But my photos of lions or gorillas are important to me because I was alone in front of the beauty of our world.
And I tell myself that my children's children might not have the chance to see these animals in the wild, like I did.
6)Tell us about your impressions about Azerbaijan.
I loved Azerbaijan! I went there for the first time in June 2019, invited by the French association "Les amis de l'Azerbaïdjan" and Mrs. Mirvari Fataliyeva who presides over the House of Azerbaijan, in Paris, and who does a beautiful job to promote her country.
"Les amis de l'Azerbaïdjan", presided by the French senator Jean-François Mancel, a great friend of Azerbaijan, is an association whose aim is to promote Azerbaijani culture, to make it known to the French, and to reinforce exchanges, whether they are tourist, cultural or commercial.
I knew little about the country. And I was amazed to discover so much beauty!
The mud volcanoes of Gobustan, the mountains of the Caucasus, Shaki, the beaches of the Caspian Sea, and then Baku and its rich architecture!
I love Baku. I would love to come back and stay for a while to really discover this incredible city in all its details.
And then, what I liked most of all, was the welcome of the population. What kindness from the people!
I was able to talk and exchange with many people, deputies when I was invited to the Azerbaijani Parliament, shopkeepers in Baku, and even quite by chance, with the Azerbaijani Paralympic archery team, which was training in Shaki!
They let me try their bows and I took some pictures of them. It was a great time with great athletes.
I believe that Azerbaijanis have a sense of hospitality and sharing, and are very eager to see more Western tourists.
On a personal note, I am very eager to come back to your country and continue to take pictures to promote it in the West, as I have been doing for the past two years. My photos and the articles I have written have been published in France, the Netherlands, Great Britain, the United States, and I have exhibited these photos in several countries, such as Portugal, Norway, Holland, in Paris, etc.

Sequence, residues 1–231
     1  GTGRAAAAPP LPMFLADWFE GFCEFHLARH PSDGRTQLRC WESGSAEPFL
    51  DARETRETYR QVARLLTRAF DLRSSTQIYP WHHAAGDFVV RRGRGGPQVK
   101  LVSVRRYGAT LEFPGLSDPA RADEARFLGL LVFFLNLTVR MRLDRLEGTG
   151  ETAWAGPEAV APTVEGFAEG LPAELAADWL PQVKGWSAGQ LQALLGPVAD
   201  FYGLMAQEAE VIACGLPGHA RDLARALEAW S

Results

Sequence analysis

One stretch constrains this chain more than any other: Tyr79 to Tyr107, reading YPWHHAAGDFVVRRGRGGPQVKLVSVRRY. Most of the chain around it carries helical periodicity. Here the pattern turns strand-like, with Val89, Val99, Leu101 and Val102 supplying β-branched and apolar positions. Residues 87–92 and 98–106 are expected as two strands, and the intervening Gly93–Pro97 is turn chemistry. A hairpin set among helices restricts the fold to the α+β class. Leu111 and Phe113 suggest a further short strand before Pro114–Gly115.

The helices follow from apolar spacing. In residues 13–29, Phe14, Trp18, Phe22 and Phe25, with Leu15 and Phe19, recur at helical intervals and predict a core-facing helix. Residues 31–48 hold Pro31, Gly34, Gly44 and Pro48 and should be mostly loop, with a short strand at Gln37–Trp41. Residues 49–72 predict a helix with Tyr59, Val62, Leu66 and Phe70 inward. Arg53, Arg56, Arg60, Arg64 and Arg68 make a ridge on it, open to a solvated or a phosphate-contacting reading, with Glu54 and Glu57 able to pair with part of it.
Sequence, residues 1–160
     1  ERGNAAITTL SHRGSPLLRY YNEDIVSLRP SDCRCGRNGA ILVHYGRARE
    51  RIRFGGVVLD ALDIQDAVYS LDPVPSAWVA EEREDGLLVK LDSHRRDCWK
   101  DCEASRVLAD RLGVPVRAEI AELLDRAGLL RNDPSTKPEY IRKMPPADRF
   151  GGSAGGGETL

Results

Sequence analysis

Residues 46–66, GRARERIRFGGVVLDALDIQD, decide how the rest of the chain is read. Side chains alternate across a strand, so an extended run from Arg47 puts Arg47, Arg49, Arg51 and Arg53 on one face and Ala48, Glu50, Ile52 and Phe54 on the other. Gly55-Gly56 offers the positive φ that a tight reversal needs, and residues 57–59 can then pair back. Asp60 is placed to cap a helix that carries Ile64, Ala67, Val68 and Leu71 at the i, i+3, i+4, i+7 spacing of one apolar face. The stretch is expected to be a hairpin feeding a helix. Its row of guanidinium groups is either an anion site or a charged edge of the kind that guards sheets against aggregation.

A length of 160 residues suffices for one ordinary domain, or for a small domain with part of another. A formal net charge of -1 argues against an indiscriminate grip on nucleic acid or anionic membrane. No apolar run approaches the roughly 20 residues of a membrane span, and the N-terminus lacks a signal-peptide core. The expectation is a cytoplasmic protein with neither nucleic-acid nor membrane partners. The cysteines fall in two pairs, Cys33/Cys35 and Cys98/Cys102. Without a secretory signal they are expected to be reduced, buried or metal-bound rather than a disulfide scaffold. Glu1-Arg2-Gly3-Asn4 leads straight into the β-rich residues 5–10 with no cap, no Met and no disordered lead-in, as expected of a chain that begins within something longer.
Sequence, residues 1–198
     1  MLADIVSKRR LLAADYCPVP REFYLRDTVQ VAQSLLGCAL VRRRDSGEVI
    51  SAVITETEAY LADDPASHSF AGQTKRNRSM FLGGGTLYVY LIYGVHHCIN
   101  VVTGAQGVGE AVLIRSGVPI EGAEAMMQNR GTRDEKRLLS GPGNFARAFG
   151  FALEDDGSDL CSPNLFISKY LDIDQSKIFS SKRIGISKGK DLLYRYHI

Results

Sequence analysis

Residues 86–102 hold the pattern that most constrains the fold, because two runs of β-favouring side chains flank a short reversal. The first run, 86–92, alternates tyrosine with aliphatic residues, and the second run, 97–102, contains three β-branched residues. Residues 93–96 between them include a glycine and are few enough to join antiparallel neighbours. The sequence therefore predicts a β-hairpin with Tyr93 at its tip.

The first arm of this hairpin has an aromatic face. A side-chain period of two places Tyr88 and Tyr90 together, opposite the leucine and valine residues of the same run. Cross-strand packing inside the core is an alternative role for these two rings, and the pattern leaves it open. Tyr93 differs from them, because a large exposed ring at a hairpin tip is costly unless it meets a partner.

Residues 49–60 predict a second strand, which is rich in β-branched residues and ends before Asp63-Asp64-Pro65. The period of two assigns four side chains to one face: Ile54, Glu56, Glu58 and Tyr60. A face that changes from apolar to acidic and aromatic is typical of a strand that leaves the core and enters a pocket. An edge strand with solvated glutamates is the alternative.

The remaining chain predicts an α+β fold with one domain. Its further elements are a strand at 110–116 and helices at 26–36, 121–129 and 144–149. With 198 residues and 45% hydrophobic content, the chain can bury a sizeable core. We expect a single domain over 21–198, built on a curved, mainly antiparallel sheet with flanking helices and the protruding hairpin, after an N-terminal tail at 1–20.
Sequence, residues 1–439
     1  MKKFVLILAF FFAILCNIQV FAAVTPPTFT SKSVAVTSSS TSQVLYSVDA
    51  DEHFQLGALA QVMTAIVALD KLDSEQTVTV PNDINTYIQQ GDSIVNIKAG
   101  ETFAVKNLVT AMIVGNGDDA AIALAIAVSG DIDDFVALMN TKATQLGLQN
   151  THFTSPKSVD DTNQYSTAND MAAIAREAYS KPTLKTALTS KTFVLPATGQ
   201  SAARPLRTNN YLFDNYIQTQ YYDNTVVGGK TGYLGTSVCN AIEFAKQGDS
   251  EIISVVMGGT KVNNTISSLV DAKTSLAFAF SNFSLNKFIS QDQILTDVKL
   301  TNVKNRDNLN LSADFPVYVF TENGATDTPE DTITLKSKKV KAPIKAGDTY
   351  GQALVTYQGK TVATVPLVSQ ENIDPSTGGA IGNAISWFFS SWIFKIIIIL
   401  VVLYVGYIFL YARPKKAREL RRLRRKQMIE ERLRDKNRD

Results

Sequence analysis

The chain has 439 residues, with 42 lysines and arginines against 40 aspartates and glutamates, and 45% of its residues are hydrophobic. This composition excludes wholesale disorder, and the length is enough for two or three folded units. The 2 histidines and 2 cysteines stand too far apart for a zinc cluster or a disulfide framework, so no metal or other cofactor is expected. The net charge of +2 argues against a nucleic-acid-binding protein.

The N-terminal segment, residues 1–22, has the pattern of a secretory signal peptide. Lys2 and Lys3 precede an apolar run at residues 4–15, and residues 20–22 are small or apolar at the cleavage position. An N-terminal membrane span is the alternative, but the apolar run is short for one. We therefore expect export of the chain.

I would love to be invited by the Azerbaijani Ministry of Culture to work together on this project! If the Minister reads your article, I would be glad if he contacts me!
7)Is corona change your life?
Yes, the corona has changed my life.
First of all, because most of my exhibitions and lectures in 2020 were cancelled or postponed.
Of course, I still did 7 or 8 exhibitions around the world, but that's not enough for me.
And I lost a lot of money because if I don't exhibit, I sell a lot less!
And then I was living in the Netherlands and I moved to Paris, France, my hometown.
My life has changed too because I don't travel like I used to. The borders are blocked, there is this virus that prevents us from living normally.
My last trip was 8 months ago, to Estonia, Latvia and Finland! I never stayed so long without crossing a border, so I can't wait to do it again!
8)Whose work has influenced you most?
I don't know if I can say that one photographer or another has influenced me. Again, as a self-taught person, I never had to sit through dogmatic classes where I was told what was good and what was not.
I learned photography on my own, without worrying too much about what was out there.
But after a few years, I felt the need to perfect my photographic culture by going to museums, galleries, opening books.
And I felt close to many artists, naturally.
For me, there is one goddess that I place above all others, and that is Diane Arbus.
I love her powerful and raw work. She didn't try to be "pretty". Only authenticity mattered to her.
I love her portraits of people on the bangs of society, far from the easy way out or fashion.
In this, I feel close to his work because I too have photographed "marginal" or rather "marginalized" groups, like the IRA soldiers in Belfast, the gypsies in the south of France, or my current work on the Drag Queens in Europe, for example.
I could also mention Irving Penn, whose sense of portraiture I love, Vivian Maier for her street photography, David Seymour, so sensitive, and of course Helmut Newton for his elegant eroticism.
And then, if I had to talk about one color photographer, it would be William Egglestone.
I love his testimony on American society over several decades, his totally natural cinematographic sense of framing, and his garish colors. The art of simplicity. He could open a trash can, take a picture without even looking, and come out with a pure masterpiece...
9)Describe your life after coronavirus...
After the Corona virus, my life will go back to the way it was before. No... Better than before!
Because I'm hungry for freedom, for work, for travel, for meetings!
But honestly, I don't want to wait for this pandemic to end.
I have a big solo exhibition starting on May 3rd, until June 30th, in Paris, and I just published a book about my work around the corona.
I would like to do an exhibition in Baku, too!
It would be a nice meeting between the public, this country that I love, and my work...